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Beguiling, Boastful and Intricate...

The front-page news about the sale of Gustav Klimt's famous, shimmering gold portrait of Adele Bloch-Bauer for an unconfirmed $135 million made me surprisingly happy. To be completely honest, my proprietary instinct would rather have all five Klimt paintings stay here in LA, yet I have to admit that this iconic painting is ideally suited for the focused collection and exquisite environment of the Neue Galerie in New York. After hearing this news, I jumped into the car and hurried over to LACMA to say goodbye to the five canvases which after June 30 will leave LA for the Neue Galerie, where they are going to be on view for a few months. The fate of the other four paintings is still uncertain but let's hope that at least one of them--another mesmerizing full-length portrait of Adele Bloch-Bauer--will be acquired by a public museum as well.

While at LACMA, I checked out the recently opened exhibition of portraits by Los Angeles' very own--though still very British--David Hockney. This traveling exhibition, a collaboration between the National Portrait Gallery in London, the Museum of Fine Arts in Boston and LACMA, is meant to celebrate one of the most popular artists of our time, whose career spans almost half a century. However, I left the exhibition with a sense of sadness: along with a number of deservedly, well-known early portraits of his parents, intimate friends and inhabitants of his newly adopted city, LA, there are a number of marginal paintings that, in my opinion, unwittingly emphasize weaknesses in his art. Many of his recent portraits, instead of coming across as spontaneous, look hurried and indifferent. It is as if the artist isn't very interested in the person posing for him. For example, the portraits of the museum guards from the National Portrait Gallery looked to me especially disappointing with their disproportionately small heads painted in a distinctly different style from the rest of their bodies. When Hockney is deeply moved one senses it immediately, as exemplified in the numerous portraits of his mother and in his recent watercolor landscapes of the English countryside seen in the LA Louver Gallery last year. But so many recent portraits, including those of people I happen to know, look as if the artist's heart and mind were somewhere else. With better editing, this exhibition could have been a real homage to the career of this much-loved artist but, unfortunately, this is not the case.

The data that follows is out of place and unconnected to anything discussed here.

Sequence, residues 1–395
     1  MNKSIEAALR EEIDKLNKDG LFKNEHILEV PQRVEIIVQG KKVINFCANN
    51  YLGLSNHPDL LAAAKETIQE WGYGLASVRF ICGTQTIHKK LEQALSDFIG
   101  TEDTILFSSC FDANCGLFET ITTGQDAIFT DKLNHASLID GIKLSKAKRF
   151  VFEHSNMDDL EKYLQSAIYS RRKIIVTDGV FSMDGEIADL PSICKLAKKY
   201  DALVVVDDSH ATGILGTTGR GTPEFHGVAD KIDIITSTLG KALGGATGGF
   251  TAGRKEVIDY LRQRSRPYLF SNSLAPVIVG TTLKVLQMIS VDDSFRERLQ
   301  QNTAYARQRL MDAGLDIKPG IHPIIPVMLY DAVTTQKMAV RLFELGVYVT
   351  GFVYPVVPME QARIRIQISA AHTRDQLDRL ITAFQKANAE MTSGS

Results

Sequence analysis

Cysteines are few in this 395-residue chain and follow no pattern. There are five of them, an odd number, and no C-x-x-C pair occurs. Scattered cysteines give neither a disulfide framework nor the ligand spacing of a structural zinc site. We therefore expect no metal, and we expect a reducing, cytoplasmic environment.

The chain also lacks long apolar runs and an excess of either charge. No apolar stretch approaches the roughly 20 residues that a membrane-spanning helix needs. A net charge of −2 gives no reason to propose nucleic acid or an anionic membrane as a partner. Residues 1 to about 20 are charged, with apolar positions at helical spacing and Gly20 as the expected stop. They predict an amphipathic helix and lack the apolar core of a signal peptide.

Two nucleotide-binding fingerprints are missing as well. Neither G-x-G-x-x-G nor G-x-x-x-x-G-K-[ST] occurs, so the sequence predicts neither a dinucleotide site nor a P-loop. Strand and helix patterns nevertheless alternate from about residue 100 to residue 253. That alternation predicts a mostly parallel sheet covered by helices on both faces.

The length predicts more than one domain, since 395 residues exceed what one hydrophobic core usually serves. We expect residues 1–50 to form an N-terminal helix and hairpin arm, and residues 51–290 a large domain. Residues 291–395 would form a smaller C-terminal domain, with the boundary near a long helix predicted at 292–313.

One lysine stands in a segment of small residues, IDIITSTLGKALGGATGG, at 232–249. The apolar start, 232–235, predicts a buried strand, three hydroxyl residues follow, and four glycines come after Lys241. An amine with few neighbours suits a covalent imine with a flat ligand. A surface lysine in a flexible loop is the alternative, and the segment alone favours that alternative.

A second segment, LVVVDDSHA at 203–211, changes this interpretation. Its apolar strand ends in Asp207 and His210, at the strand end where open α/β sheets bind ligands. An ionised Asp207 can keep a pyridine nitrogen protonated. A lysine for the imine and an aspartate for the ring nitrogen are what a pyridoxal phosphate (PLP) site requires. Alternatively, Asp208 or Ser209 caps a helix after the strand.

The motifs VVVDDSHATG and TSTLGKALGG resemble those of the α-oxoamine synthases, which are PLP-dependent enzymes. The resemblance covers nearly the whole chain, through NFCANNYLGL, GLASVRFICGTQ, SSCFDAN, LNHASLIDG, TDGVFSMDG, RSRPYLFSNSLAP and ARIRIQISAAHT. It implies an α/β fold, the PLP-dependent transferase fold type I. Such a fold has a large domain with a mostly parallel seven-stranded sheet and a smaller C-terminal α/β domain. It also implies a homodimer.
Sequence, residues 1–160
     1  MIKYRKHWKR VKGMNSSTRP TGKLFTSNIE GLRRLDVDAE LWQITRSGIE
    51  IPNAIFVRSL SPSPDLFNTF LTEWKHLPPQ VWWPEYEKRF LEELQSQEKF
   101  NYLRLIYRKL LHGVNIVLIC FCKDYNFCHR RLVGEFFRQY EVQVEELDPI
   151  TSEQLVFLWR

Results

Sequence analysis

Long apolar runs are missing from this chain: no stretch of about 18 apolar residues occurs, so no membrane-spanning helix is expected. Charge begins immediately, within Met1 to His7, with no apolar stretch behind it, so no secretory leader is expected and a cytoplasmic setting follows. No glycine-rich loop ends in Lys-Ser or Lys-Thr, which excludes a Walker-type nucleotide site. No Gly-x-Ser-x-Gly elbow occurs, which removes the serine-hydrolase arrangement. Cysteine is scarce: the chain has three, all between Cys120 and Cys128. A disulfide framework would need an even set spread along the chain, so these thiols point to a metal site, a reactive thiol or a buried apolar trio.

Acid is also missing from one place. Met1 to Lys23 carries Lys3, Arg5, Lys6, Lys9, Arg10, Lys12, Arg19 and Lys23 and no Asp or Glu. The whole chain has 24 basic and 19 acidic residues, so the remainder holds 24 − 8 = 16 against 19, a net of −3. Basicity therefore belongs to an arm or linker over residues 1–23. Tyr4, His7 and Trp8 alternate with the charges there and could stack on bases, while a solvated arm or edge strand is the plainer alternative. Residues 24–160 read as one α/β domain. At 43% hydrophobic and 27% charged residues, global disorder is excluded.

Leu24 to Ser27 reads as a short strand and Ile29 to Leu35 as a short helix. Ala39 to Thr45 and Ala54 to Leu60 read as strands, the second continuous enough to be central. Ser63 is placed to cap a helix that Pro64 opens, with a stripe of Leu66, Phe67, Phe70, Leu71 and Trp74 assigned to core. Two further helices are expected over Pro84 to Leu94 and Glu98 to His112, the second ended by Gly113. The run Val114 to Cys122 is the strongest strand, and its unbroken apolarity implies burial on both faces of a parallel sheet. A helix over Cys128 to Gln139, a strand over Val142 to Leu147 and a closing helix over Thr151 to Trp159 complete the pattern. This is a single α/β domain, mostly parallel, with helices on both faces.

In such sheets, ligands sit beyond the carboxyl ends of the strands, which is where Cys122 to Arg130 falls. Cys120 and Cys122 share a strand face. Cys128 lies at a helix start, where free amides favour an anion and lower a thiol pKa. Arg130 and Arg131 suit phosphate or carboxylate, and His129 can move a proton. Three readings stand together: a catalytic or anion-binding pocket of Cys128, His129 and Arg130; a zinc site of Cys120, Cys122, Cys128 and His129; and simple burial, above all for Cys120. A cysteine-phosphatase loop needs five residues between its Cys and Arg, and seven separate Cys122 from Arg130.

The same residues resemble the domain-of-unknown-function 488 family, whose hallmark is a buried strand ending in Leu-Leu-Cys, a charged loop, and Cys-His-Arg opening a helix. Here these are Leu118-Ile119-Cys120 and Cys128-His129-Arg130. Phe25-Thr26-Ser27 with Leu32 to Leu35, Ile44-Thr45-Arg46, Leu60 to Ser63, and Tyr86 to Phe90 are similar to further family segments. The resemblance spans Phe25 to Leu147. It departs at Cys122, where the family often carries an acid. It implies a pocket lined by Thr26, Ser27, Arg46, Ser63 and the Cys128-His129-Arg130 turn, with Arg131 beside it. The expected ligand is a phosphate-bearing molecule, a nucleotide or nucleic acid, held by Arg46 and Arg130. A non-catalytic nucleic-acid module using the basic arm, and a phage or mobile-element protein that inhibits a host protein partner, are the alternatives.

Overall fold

Meanwhile, there are two gallery exhibitions that you absolutely should not miss. The only thing they have in common is that both were virtually sold out before the opening, otherwise, they are a study in contrasts: one is quiet and meditative, the other is boastful and unabashedly garish. Modestly scaled, jewel-like paintings by Sharon Ellis on view at Christopher Grimes Gallery are inspired by California's landscape. They are the result of a meticulous and meditative process of filling the surface of the canvas with haunting images and shadows of nature with only passing references to the real world that we inhabit. Huge portraits of African American men painted by Kehinde Wiley are installed at Roberts & Tilton Gallery with operatic grandeur and garish glamour. And that is the point. The men have the look and attitude of rappers but their poses and gestures intentionally evoke those associated with Old Master paintings. It's difficult to predict where Mr. Wiley's art will go from here. With his over the top approach toward size, color and composition, he's not just pushing the envelope, he's almost tearing it apart. And he's doing it with such flourish that no matter how much one tries, it's impossible to resist.

Gustav Klimt: Five Paintings from the Collection of Ferdinand and Adele Bloch-Bauer
On view until June 30
and
David Hockney: Portraits
On view until September 4
Los Angeles County Museum of Art
5905 Wilshire Boulevard

Sharon Ellis: California &Veronika Kellndorfer: Dream Spaces
On view until July 1
Christopher Grimes Gallery
916 Colorado Avenue
Santa Monica

Kehinde Wiley: Columbus
On view until July 8
Roberts & Tilton
6150 Wilshire Boulevard

The Fine Art of Art Collecting
Five Saturday Classes with Edward Goldman,
art critic and host of KCRW's Art Talk
July 8 - August 12

We will be meeting every consecutive Saturday (except for August 5) for five hours from 10:30am-3:30pm. We will meet prominent art collectors in their homes, visit well-known artists' studios and go "behind the scenes" with directors of top galleries. Throughout all of these classes we will be discussing the "nuts and bolts" of art collecting.

The class will be limited to 20 participants and the fee is $500.00. To secure your place in the class, please email Edward Goldman. Register as soon as possible as half the spaces are already filled.

Every participant may, at least once, bring a guest. If you cannot attend one of the meetings invite someone to attend in your place... that would make a good gift to a friend.

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